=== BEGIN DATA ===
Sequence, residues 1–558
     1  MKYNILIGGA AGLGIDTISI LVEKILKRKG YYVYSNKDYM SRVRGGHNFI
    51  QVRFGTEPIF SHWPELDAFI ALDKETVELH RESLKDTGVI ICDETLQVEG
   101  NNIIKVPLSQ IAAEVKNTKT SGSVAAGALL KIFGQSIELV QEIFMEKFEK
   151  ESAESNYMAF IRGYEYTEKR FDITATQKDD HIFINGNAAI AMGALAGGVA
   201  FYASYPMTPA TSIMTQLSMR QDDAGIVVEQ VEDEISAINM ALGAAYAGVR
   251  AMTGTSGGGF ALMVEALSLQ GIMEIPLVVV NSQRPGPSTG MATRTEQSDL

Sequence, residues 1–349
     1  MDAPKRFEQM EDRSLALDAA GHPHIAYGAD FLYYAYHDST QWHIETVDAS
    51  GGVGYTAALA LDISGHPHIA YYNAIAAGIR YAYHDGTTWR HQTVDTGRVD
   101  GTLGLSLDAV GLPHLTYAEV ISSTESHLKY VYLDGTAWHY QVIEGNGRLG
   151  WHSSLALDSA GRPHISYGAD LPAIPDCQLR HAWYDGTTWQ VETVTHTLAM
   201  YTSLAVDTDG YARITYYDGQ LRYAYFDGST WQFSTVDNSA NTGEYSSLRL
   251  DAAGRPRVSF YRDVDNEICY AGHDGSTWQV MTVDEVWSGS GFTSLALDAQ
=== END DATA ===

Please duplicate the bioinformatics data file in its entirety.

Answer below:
Sequence, residues 1–558
     1  MKYNILIGGA AGLGIDTISI LVEKILKRKG YYVYSNKDYM SRVRGGHNFI
    51  QVRFGTEPIF SHWPELDAFI ALDKETVELH RESLKDTGVI ICDETLQVEG
   101  NNIIKVPLSQ IAAEVKNTKT SGSVAAGALL KIFGQSIELV QEIFMEKFEK
   151  ESAESNYMAF IRGYEYTEKR FDITATQKDD HIFINGNAAI AMGALAGGVA
   201  FYASYPMTPA TSIMTQLSMR QDDAGIVVEQ VEDEISAINM ALGAAYAGVR
   251  AMTGTSGGGF ALMVEALSLQ GIMEIPLVVV NSQRPGPSTG MATRTEQSDL

Sequence, residues 1–349
     1  MDAPKRFEQM EDRSLALDAA GHPHIAYGAD FLYYAYHDST QWHIETVDAS
    51  GGVGYTAALA LDISGHPHIA YYNAIAAGIR YAYHDGTTWR HQTVDTGRVD
   101  GTLGLSLDAV GLPHLTYAEV ISSTESHLKY VYLDGTAWHY QVIEGNGRLG
   151  WHSSLALDSA GRPHISYGAD LPAIPDCQLR HAWYDGTTWQ VETVTHTLAM
   201  YTSLAVDTDG YARITYYDGQ LRYAYFDGST WQFSTVDNSA NTGEYSSLRL
   251  DAAGRPRVSF YRDVDNEICY AGHDGSTWQV MTVDEVWSGS GFTSLALDAQ